I find myself drawn to trucks with a story complimented by the owners who have a story of their own, with and without the truck. Obviously, the first thing about a truck is what it looks like, the general appearance, that draws someone in. I spotted this “classic” black 359 at the ATHS (American Truck Historical Society) National Show in Lexington, KY this past May. If you have been to that show before, you know the luck (or lack thereof) of finding the owners of the trucks. Fortunately, it was at the beginning of the show as everyone was parking, so I was able to meet the owner, Jackson “Jack” Campbell, and get a little information on this cool piece of old iron that caught my attention.
Jack’s love of older trucks and the agriculture life he was born into, makes him something many can relate to. The truck seen here is a 1972 Peterbilt 359 extended hood. Jack purchased this truck in November 2013 from his friend who had purchased it from the son of the original owner. Jack was aware of when his friend first bought the 359, and when his friend decided to sell it, Jack, who loves old iron, jumped at the chance.
Jack is a second-generation trucker who started driving at age 15 or 16 on the farm, just like his father. Fast forward to age 21, when Jack started working full-time for Carpenter Company out of Russellville, KY. Carpenter Company manufactured foam rubber products and Jack would haul the product within an approximate 800-mile radius. The first truck he drove for Carpenter was a GMC Astro cabover. For 41 years, Jack was employed with the Carpenter Company, but he also always hauled agriculture commodities on the side. When he retired six years ago, he knew he wasn’t done working, so he jumped behind the wheel of his own truck full-time. The farm is still family-owned, and Jack currently leases it to his brother.
Jack married his wife Vicki on June 1, 1974 and together they have two children – Jason (44) who is actually Jackson II, and Ashley (39). Both kids are married and collectively have six children of their own. Jack and Vicki, who reside in Adairville, KY, own their trucking company, Campbell Farms, which became Campbell Farms LLC back in 2013. The Peterbilt 359 seen here isn’t their only truck, as they have a driver in a 1993 Peterbilt 379, as well, along with a 1979 Peterbilt 359, that is currently being restored, and a 1980 Kenworth W900A which is restored and has long since retired. Jack has always been around trucks and loves them, but he obviously favors the older models.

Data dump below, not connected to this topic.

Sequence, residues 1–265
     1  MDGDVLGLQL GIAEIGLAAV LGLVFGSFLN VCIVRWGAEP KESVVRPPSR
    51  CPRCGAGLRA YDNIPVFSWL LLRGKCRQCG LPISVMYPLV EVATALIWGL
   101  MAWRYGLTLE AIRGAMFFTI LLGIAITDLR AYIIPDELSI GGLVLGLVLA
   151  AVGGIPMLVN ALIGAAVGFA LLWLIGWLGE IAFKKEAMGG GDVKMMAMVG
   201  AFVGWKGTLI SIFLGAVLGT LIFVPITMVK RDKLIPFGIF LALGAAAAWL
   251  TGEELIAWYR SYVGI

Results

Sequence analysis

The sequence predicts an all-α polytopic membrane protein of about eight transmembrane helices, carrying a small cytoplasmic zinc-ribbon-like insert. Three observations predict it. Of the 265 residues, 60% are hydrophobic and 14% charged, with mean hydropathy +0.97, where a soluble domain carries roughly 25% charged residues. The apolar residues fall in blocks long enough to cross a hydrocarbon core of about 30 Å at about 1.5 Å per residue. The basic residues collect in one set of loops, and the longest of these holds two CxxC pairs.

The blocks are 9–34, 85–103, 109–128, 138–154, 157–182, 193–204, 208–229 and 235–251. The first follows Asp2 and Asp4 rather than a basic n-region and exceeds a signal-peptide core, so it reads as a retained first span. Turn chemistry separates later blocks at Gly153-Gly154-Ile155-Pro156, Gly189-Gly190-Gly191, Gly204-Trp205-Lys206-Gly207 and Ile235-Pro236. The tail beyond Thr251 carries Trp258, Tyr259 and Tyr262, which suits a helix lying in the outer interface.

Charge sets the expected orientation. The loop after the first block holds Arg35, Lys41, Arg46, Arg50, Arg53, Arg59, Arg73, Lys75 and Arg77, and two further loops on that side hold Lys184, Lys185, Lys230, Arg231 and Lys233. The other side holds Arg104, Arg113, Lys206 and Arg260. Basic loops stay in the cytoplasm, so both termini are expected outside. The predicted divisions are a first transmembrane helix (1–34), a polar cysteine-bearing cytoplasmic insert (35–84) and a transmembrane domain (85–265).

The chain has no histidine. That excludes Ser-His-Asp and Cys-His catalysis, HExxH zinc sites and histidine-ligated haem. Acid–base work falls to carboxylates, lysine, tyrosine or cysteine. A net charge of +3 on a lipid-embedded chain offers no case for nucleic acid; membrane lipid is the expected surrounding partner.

The featured 359 here pulls a 2015 Timpte Super Hopper (pictured), as well as a 1985 Polar tanker that hauls Liquid Nitrogen (fertilizer). That is all he has ever hauled – agricultural commodities. During harvest season, he hauls grain off his farm, as well as neighboring farms, in the area. Upon purchase, the truck had a 1693 CAT under the hood which, at that time, for a factory extended hood, the only options were a 1693 CAT and a V12 Detroit. About a year after the purchase of this truck, Jack put a 425 B-Model CAT in the truck. The truck still has the original 13-speed double-overdrive transmission with 3:55 gears and a 263” wheelbase. Jack’s goal was to keep this truck as original as possible with the addition of 3/4 Hogebuilt fenders. As shown, the trailer has matching 3/4 Hogebuilt fenders, as well.
While we were just talking, Jack recollected a time in his earlier years when he got caught up in a snowstorm in Peru, IN – known as the blizzard of 1978. The snow was pretty bad and caused him to need to find a motel to stop at. The place he found only had one room left available. That blizzard left him stranded in Indiana at that motel for six days! As some may understand, Jack felt real bad about not being home, considering he was a young married man, away from his wife and young children.
Throughout his trucking career, Jack has attended several truck shows, and for more than 20 years, he has consistently went to the Mid-America Trucking Show in Louisville, KY. He had never taken one of his trucks to a show until this past May at the ATHS National Show in Lexington, KY (where I met him). He said he thoroughly enjoyed that show with all the older model trucks that are both still working and/or retired – and I am sure glad I got to meet him there, too.
I asked Jack what advice he would give someone looking to buy their own truck which was an older model, and he said he’d recommend something with a hearty motor which will have less issues, such as a Peterbilt or Kenworth with a 425 B-Model CAT or a CAT 6NZ. Best bet to be successful as an owner operator would be to pay at least half of the truck cost right off the bat. But, like Jack said, nowadays, it is rare for people to have that much money to put down on a truck. But one thing that is a must is to make sure to have money in the bank to fall back on in the event of a breakdown (I think I have heard that advice before).
Everyone has their own taste in trucks and, for some, it is the older models with stories to tell and history, which makes seasoned and new drivers want to listen. It is always nice to see the older iron still on the road working, but it is fast becoming a rare sight. If you are strolling through Kentucky, make sure to keep an eye out for this good-looking 359. And, as always, to all the drivers out there doing the deal, truck safe – no matter what you drive.